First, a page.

At the end of March, a rare celestial event occurred – the visible alignment of five planets (Venus, Mars, Jupiter, Mercury, and Uranus). What made this such a remarkable occurrence is the number of planets involved (the next alignment featuring this many planets won’t be until 2040) and the visibility of Uranus, one of the most challenging planets to spot with the naked eye.
While there are many mysteries of the cosmos yet to unravel, this planetary alignment demonstrates the predictable and natural order that governs heavenly bodies. Similarly, the wild swings of markets appear random and unpredictable. But in hindsight, they seem more predictable (if only we had looked in the right place, at the right time, with the right amount of rigor). But, if the past year has taught us anything, it’s that despite our best efforts, the financial world can always keep us guessing. We’ve seen stock markets soar-fall-soar again, cryptocurrencies crash, and lack-of-confidence-inspired bank runs. March was no exception.
Despite significant fluctuations, by the end of the month, the S&P 500 closed up 3.76%.
Just as we recognize that there are things we don’t yet fully understand about the universe, there are plenty of observable things that we have figured out (like the movement of planets). The vast combination of ever-changing events that move markets can be equally challenging to understand; still, there are solid principles that we have observed over time that investors would do well to adhere to. Risk drives reward, but not in a straight line. Over short periods, wild fluctuations can make it hard for investors to stay focused. However, time has a way of smoothing the highs and lows of the ride, so the long-term investor who can stay disciplined through the tough times stands to reap the rewards.
Articles of Interest
On Friday, March 10, regulators took control of Silicon Valley Bank as a run on the bank unfolded. Two days later, regulators seized control of a second lender, Signature Bank. With increasing anxiety, many investors are eyeing their portfolios for exposure to these and other regional banks. Rather than rummaging through your portfolio, and looking for trouble when headlines make you anxious, turn to your investment plan instead. While every investor’s plan differs, ignoring headlines and focusing on the following time-tested principles may help you avoid making shortsighted missteps.
With taxes due this month, reducing your overall tax bill is on many investors’ minds. Fortunately, there are a number of completely legal ways to lower the amount you pay the taxman each year. These include credits, deductions and advanced investment strategies. Some tax savings are only available to small business owners or the self-employed, while other options can be used by everyone.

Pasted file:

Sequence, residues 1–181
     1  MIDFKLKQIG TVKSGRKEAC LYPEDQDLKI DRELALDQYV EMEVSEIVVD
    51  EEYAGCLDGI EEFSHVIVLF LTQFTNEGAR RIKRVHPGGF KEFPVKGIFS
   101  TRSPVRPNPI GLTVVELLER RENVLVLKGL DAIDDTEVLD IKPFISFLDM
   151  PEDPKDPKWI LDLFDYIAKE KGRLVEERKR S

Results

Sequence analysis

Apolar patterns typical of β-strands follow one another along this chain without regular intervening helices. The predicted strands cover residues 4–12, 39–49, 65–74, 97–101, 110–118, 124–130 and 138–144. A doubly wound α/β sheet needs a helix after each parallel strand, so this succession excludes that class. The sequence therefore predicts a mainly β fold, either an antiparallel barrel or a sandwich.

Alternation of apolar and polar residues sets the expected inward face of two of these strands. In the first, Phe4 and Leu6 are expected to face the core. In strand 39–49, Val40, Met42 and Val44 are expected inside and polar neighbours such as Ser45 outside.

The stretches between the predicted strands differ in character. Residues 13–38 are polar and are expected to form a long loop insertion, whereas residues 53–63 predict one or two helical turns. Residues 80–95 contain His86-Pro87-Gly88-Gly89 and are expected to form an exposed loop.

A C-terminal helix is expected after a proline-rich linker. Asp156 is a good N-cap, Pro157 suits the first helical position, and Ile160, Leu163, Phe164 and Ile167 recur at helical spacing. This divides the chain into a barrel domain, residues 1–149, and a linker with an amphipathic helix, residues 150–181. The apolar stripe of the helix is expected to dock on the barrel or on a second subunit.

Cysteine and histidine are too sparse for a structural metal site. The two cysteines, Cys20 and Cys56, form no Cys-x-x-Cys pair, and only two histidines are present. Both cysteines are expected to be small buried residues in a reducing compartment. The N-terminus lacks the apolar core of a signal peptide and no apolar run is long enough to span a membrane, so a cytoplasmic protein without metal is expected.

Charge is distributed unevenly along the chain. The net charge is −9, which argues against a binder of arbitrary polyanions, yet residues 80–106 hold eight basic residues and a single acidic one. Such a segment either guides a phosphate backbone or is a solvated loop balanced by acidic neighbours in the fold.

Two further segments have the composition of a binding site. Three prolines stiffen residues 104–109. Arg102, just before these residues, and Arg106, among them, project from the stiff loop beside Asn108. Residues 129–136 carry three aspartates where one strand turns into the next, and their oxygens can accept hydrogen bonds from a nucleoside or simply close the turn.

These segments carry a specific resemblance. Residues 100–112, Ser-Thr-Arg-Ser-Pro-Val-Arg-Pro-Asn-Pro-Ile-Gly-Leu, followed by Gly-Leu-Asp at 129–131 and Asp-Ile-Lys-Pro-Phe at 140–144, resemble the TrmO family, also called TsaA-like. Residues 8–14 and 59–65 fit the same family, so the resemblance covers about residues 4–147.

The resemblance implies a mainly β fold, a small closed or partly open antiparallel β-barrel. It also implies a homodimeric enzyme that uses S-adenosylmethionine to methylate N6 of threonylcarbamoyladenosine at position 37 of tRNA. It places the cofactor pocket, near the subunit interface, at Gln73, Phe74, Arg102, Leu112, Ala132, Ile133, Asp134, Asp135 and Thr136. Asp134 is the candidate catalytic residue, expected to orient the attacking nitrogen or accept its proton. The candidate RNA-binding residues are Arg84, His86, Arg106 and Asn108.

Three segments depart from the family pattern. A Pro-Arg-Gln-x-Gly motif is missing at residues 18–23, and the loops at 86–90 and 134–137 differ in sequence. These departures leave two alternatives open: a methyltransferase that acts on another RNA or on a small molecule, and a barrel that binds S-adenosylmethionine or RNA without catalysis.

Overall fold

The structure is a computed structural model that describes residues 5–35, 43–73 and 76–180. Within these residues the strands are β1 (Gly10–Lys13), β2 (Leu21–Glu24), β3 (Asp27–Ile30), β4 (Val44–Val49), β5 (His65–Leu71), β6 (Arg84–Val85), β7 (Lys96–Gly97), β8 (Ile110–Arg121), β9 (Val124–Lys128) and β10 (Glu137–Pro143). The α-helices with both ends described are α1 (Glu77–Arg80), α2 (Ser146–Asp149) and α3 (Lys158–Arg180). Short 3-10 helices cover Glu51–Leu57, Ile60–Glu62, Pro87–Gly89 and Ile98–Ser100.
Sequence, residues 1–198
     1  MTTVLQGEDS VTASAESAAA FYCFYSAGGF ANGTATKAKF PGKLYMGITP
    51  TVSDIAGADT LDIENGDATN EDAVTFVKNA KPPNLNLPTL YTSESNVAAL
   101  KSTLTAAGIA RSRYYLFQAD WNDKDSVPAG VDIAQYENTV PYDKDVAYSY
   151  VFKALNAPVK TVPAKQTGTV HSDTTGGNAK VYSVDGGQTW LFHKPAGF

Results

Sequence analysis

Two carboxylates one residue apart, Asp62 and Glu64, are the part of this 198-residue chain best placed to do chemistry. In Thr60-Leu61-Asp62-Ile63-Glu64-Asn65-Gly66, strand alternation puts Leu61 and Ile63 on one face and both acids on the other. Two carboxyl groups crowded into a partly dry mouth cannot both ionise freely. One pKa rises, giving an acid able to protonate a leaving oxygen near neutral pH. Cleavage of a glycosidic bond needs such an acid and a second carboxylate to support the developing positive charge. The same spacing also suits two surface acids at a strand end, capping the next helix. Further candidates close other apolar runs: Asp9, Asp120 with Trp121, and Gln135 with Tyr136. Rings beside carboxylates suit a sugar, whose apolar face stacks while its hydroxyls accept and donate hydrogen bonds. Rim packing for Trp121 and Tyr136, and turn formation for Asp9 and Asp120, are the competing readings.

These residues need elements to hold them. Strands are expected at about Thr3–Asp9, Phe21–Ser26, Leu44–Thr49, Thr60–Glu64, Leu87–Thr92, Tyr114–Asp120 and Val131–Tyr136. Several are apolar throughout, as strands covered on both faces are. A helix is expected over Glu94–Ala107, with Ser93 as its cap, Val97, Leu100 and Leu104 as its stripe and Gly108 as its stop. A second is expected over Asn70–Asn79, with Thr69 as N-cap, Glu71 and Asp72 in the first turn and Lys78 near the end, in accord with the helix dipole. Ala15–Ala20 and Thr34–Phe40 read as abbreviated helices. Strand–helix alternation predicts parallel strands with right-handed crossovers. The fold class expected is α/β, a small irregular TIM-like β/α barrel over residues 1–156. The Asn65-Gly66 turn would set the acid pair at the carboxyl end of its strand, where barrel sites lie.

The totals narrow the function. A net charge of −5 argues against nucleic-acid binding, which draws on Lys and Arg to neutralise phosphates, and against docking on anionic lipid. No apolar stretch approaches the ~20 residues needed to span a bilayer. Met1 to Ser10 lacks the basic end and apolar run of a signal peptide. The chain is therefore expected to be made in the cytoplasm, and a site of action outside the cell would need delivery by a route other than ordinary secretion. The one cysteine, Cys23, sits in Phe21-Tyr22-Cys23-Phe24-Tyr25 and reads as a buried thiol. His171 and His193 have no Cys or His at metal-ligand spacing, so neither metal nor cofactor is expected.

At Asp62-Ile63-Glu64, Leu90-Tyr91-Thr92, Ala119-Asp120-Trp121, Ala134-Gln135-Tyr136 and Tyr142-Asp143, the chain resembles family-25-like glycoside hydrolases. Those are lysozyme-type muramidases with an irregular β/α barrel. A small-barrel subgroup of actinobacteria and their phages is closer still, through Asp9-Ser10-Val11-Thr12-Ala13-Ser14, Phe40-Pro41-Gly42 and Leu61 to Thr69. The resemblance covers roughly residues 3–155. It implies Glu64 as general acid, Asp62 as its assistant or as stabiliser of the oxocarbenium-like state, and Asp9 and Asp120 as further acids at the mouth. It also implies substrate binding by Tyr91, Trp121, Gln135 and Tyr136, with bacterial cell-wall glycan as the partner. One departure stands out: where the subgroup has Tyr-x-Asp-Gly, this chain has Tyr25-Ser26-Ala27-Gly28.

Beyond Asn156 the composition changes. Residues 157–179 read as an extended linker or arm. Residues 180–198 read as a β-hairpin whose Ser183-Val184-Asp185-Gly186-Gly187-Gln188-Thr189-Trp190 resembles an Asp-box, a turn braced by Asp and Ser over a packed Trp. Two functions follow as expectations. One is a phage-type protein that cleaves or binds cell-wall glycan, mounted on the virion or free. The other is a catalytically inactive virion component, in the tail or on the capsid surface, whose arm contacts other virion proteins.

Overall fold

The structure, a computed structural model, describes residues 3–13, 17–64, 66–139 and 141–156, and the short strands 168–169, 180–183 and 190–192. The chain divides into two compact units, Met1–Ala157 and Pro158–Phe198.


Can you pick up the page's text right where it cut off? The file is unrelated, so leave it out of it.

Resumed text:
Estate planning is the process of designating who will receive your assets in the event of your death or incapacitation. Often done with guidance from an attorney, a well-constructed estate plan can help ensure that your heirs and beneficiaries receive assets in a way that manages and minimizes estate taxes, gift taxes and other tax impacts.
The Department of Education announced that this year’s FAFSA (Free Application for Federal Student Aid) will come out in December, not October. That’s to accommodate the numerous changes that need to be implemented, not just by the Department of Education but by colleges, state education departments, and other entities that use FAFSA data. So here is a quick review of what you should know.
With inflation hiking prices worldwide, there are still places where your dollar will stretch enough to make it a dream vacation destination. From the Americas and Europe to Africa and Asia, here is a list of the ten best places to travel to where the U.S. dollar is the strongest.
Advisory services offered through KCPAG Financial Advisors LLC and insurance services offered through KCPAG Insurance Services LLC, subsidiaries of Kemper Capital Management LLC. Tax services offered through Kemper CPA Group LLP.
Symmetry Partners, LLC, is an investment advisory firm registered with the Securities and Exchange Commission. The firm only transacts business in states where it is properly registered, or excluded or exempt from registration requirements. Registration of an investment adviser does not imply any specific level of skill or training and does not constitute an endorsement of the firm by the Commission.
No one should assume that future performance of any specific investment, investment strategy, product, or non- investment related content made reference to directly or indirectly in this newsletter will be profitable. You should not assume any discussion or information contained in this email serves as the receipt of, or as a substitute for, personalized investment advice. Symmetry does not provide tax or legal advice and nothing either stated or implied here should be inferred as providing such advice. Due to various factors, including changing market conditions and/or applicable laws, the content may no longer be reflective of current opinions or positions.
Investors cannot invest directly in an index. Indexes have no fees. Historical performance results for investment indexes do not reflect the deduction of transaction and/or custodial charges or the deduction of an investment management fee, the occurrence of which would have the effect of decreasing historical performance results. Actual performance for client accounts will differ from index performance.
S&P 500 Index represents the 500 leading U.S. companies, approximately 80% of the total U.S. market capitalization.